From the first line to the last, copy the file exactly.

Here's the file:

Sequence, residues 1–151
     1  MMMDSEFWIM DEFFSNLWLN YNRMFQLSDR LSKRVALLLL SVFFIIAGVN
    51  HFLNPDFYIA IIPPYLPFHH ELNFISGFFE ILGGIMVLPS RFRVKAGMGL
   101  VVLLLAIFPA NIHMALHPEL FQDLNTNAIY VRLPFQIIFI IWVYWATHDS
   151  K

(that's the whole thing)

Sequence, residues 1–151
     1  MMMDSEFWIM DEFFSNLWLN YNRMFQLSDR LSKRVALLLL SVFFIIAGVN
    51  HFLNPDFYIA IIPPYLPFHH ELNFISGFFE ILGGIMVLPS RFRVKAGMGL
   101  VVLLLAIFPA NIHMALHPEL FQDLNTNAIY VRLPFQIIFI IWVYWATHDS
   151  K